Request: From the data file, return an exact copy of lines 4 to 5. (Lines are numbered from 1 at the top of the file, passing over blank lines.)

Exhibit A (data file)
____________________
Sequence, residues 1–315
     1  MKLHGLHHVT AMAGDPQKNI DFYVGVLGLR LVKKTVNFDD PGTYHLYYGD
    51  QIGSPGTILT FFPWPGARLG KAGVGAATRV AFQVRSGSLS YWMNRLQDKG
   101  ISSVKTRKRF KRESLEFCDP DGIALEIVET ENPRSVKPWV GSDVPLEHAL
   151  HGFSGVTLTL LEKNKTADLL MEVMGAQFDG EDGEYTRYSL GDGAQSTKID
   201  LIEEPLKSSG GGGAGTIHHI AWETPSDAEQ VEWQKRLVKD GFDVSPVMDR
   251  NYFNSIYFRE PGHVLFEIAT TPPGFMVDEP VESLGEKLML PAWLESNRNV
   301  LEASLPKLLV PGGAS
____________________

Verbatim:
   101  ISSVKTRKRF KRESLEFCDP DGIALEIVET ENPRSVKPWV GSDVPLEHAL
   151  HGFSGVTLTL LEKNKTADLL MEVMGAQFDG EDGEYTRYSL GDGAQSTKID